Account-takeover identity theft is when the imposter uses PII to gain access to the person’s existing accounts. Typically, the thief will change the mailing address on an account and run up a bill before the victim realizes there is a problem. The internet has made it easier for identity thieves to use the information they’ve stolen since online transactions are made without any personal interaction.

There are many different examples of identity theft, including:

Financial identity theft. This is the most common type of identity theft. Financial identity theft seeks economic benefits by using a stolen identity.

Tax-related identity theft. In this type of exploit, the criminal files a false tax return with the Internal Revenue Service (IRS), for example, using a stolen Social Security number.

Medical identity theft. This is where the thief steals information, such health insurance member numbers, to receive medical services. The victim’s health insurance provider may get fraudulent bills. This will be reflected in the victim’s account as services they received.

Criminal identity theft. In this example, a person under arrest gives stolen identity information to the police. If this exploit is successful, the victim is charged instead of the thief.

Child identity theft. In this exploit, a child’s Social Security number is misused to apply for government benefits and open bank accounts or other services. Criminals often seek the information of children because the damage may go unnoticed for a long time.

Senior identity theft. This type of exploit targets people over the age of 60. Senior citizens are often identified as easy theft targets. It is important for seniors to be aware of the evolving methods thieves use to steal information.

Identity cloning for concealment. In this exploit, a thief impersonates someone else to hide from law enforcement or creditors. Because this isn’t always financially motivated, it’s hard to track and there often isn’t a paper trail for law enforcement to follow.

Synthetic identity theft. In this type of exploit, a thief partially or completely fabricates an identity by combining different pieces of PII from different sources. For example, the thief may combine one stolen Social Security number with an unrelated birthdate. Usually, this type of theft is difficult to track because the activities of the thief are recorded files that do not belong to a real person.

How to tell if your identity has been stolen

Victims notice withdrawals from their bank account that weren’t made by them; an impacted credit score; victims don’t receive bills or other important mail containing sensitive information; victims find false accounts and charges on their credit report; victims are rejected from a health plan because their medical records reflect a condition they don’t have; victims receive an IRS notification that another tax return was filed under their name; and victims are notified of a data breach at a company that stores their personal information. An identity thief could also create fake social media accounts pretending to be you, use your info to pass a job background check or rent an apartment. Fraudsters often target people with a strong credit history and no criminal background.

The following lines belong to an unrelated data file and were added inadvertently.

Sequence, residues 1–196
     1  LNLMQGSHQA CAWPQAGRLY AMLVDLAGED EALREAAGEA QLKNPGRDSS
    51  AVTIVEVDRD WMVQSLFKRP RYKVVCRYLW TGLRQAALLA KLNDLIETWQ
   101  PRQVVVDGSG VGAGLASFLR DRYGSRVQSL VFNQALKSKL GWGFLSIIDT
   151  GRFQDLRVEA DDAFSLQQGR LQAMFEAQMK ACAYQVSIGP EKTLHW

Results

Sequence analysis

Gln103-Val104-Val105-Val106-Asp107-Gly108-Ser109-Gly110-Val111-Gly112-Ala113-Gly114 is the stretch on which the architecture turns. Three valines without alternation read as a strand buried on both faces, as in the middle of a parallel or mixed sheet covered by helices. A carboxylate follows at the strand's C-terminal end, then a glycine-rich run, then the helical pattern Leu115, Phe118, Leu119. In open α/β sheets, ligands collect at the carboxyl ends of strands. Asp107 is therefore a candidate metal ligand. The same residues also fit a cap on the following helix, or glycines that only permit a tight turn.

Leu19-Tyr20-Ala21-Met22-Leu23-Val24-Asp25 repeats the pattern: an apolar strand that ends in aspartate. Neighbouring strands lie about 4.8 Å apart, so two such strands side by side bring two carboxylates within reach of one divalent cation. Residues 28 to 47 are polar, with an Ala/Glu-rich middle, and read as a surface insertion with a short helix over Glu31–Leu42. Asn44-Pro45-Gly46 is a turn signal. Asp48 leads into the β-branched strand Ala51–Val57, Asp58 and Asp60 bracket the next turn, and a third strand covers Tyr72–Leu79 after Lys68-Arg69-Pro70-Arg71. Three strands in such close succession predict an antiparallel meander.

How to protect yourself against identity theft

To protect themselves from identity theft, experts recommend individuals regularly check credit reports with major credit bureaus, pay attention to billing cycles and follow up with creditors if bills do not arrive on time. And people must destroy unsolicited credit applications and watch out for unauthorized transactions on account statements.  The new program for infecting users’ computers was called Zeus, and the program is so hacker-friendly that even an inexperienced hacker can operate it. Although the hacking program is easy to use, that fact does not diminish the devastating effects that Zeus (or other software like Zeus) can do on a computer and the user. For example, programs like Zeus can steal credit card information, important documents, and even documents necessary for homeland security. If a hacker were to gain this information, it would mean identity theft or even a possible terrorist attack. The ITAC says that about 15 million Americans had their identity stolen in 2012. People must avoid carrying Social Security cards or numbers on them and avoid giving out PII in response to unsolicited emails and shred discarded financial documents. Check your financial accounts often and keep tabs on your credit reports to look for changes you didn’t make. Don’t click links, open attachments, or respond to emails from unfamiliar or untrusted sources. These may contain malware. Set up alerts on your banking and credit card accounts. For example, your bank may notify you each time there’s a withdrawal from your checking account.